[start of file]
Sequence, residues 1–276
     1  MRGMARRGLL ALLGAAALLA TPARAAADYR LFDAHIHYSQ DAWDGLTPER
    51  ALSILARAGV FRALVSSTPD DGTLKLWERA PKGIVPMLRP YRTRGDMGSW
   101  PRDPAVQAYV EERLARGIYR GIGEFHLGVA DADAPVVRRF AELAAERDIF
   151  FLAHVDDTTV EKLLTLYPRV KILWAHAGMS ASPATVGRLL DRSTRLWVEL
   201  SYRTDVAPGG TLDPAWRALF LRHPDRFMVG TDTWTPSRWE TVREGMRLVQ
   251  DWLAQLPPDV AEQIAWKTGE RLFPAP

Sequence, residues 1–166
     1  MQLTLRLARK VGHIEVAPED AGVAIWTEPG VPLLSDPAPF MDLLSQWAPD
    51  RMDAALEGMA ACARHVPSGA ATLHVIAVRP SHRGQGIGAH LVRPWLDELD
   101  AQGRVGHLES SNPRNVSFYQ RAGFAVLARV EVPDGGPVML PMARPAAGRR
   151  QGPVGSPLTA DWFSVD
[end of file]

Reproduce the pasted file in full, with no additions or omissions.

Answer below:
Sequence, residues 1–276
     1  MRGMARRGLL ALLGAAALLA TPARAAADYR LFDAHIHYSQ DAWDGLTPER
    51  ALSILARAGV FRALVSSTPD DGTLKLWERA PKGIVPMLRP YRTRGDMGSW
   101  PRDPAVQAYV EERLARGIYR GIGEFHLGVA DADAPVVRRF AELAAERDIF
   151  FLAHVDDTTV EKLLTLYPRV KILWAHAGMS ASPATVGRLL DRSTRLWVEL
   201  SYRTDVAPGG TLDPAWRALF LRHPDRFMVG TDTWTPSRWE TVREGMRLVQ
   251  DWLAQLPPDV AEQIAWKTGE RLFPAP

Sequence, residues 1–166
     1  MQLTLRLARK VGHIEVAPED AGVAIWTEPG VPLLSDPAPF MDLLSQWAPD
    51  RMDAALEGMA ACARHVPSGA ATLHVIAVRP SHRGQGIGAH LVRPWLDELD
   101  AQGRVGHLES SNPRNVSFYQ RAGFAVLARV EVPDGGPVML PMARPAAGRR
   151  QGPVGSPLTA DWFSVD